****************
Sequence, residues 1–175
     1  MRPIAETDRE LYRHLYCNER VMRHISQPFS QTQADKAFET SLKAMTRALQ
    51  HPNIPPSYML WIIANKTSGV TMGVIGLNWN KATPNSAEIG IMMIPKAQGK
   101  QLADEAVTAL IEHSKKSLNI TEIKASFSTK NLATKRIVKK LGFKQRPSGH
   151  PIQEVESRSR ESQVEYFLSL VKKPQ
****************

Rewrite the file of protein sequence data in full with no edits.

Sequence, residues 1–175
     1  MRPIAETDRE LYRHLYCNER VMRHISQPFS QTQADKAFET SLKAMTRALQ
    51  HPNIPPSYML WIIANKTSGV TMGVIGLNWN KATPNSAEIG IMMIPKAQGK
   101  QLADEAVTAL IEHSKKSLNI TEIKASFSTK NLATKRIVKK LGFKQRPSGH
   151  PIQEVESRSR ESQVEYFLSL VKKPQ